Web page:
As ETUG celebrates 25 years, we are taking the opportunity every Friday to dig into our archives and celebrate our 25 year history. Today’s Flashback Friday heads back in time to 1998.
ETUG chair in 1998 was Heather Schneider from College of the Rockies, and communication among members was done primarily via listsrv with 373 subscribers.
- Oscar Best Movie: Titanic
- Top-rated TV show: ER
- Billboard Top Album: Titanic soundtrack
Hot Technology Topics
1998 was a big year for technology as the internet boom was in full swing. Steve Jobs had returned to Apple the year before and was starting he reinvention of the company with the release of the very first iMac in 1998. Google, the company, was founded by Stanford University PhD candidates Larry Page and Sergey Brin, and early web designers were grappling with how to deal with the escalating browser wars, in full swing in 1998.
Meanwhile, in education technology, Blackboard released the first version of Learn, and David Wiley released the very first Open Content license.
Workshop Location and Theme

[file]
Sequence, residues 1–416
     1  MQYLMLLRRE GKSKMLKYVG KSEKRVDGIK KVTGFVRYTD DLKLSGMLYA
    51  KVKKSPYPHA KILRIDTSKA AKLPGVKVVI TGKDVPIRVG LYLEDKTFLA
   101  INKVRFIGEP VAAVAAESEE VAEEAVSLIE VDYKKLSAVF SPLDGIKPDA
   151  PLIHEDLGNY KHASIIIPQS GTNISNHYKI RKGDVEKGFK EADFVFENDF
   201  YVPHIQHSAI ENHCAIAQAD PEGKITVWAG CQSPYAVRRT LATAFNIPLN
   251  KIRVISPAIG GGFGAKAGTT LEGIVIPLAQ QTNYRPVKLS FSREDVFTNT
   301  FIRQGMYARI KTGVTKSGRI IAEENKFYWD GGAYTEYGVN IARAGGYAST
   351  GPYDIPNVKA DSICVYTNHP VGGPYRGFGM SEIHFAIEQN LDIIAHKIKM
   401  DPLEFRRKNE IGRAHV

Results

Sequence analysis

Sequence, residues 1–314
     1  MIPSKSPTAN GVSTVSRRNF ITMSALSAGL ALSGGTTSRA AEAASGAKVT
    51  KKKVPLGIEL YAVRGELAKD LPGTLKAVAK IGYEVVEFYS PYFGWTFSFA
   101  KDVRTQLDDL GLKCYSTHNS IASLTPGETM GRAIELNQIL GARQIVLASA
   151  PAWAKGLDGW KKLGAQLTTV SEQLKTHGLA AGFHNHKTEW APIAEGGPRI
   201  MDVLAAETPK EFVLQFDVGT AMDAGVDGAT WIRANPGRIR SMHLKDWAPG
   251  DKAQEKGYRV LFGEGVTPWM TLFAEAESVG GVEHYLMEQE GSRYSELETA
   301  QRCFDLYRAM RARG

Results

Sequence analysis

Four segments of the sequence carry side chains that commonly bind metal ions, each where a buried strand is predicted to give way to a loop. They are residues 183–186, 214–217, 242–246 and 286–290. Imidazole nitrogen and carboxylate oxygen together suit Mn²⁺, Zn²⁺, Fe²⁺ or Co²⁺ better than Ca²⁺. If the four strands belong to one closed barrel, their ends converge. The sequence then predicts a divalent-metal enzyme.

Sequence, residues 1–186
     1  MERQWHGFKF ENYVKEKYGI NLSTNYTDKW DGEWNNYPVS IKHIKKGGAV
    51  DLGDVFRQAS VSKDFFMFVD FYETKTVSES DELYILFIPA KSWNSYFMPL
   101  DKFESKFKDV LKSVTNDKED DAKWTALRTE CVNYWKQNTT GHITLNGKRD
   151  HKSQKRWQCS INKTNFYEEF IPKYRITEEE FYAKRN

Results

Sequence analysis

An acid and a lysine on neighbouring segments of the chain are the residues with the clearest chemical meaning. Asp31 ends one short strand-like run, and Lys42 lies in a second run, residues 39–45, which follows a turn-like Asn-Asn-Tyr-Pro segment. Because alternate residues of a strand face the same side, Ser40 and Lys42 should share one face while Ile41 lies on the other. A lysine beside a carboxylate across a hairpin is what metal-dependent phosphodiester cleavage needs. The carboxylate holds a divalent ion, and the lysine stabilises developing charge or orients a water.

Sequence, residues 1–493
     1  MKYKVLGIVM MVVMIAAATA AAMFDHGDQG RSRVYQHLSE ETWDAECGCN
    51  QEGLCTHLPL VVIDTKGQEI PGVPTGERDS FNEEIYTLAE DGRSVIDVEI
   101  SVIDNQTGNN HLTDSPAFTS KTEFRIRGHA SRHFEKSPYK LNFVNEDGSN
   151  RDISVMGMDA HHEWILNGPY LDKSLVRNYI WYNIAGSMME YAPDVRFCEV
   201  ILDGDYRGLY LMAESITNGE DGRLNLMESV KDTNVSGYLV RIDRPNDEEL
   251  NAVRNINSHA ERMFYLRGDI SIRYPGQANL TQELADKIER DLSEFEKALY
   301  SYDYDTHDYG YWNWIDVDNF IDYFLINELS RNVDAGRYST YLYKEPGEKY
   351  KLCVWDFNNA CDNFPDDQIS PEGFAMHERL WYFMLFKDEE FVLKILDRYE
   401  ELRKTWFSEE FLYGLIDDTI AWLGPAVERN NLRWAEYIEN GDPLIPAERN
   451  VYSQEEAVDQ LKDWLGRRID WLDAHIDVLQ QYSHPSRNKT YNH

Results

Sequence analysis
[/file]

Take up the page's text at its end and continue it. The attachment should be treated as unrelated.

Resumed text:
The big ETUG gathering in May 1998 was Connections ’98, held at the Hotel Vancouver, featuring keynote speakers Tony Bates (who was the Director of Distance Education at UBC at the time), Liz-Hammond-Kaarremaa (Director of Educational Technology at Malaspina University College, now Vancouver Island University), William H. Geoghegan (IBM) and Don Doucette (Vice-Chancellor of Education & Technology at Metropolitan Community College).
Hot topics for the ETUG community in 1998 were copyright and intellectual property issues and grappling with the basics of copyright laws and how the Internet was fundamentally altering how educators were thinking about sharing content. Metatags and an overview of IMS was also a topic of conversation, as was the role of BC’s C2T2 (the precursor of BCcampus) in working with faculty to create learning resources. The seeds of OER and inter-institutional sharing of learning resources were being sown.
It was also interesting to note the program themes of 1998 would not be out of place in a 2018 conference, with the community examining not only new tools & technologies, but also the cultural and social implications of technology , including ways technology can be used to better understand Indigenous cultures and issues, student support models, institutional planning, and coping with change.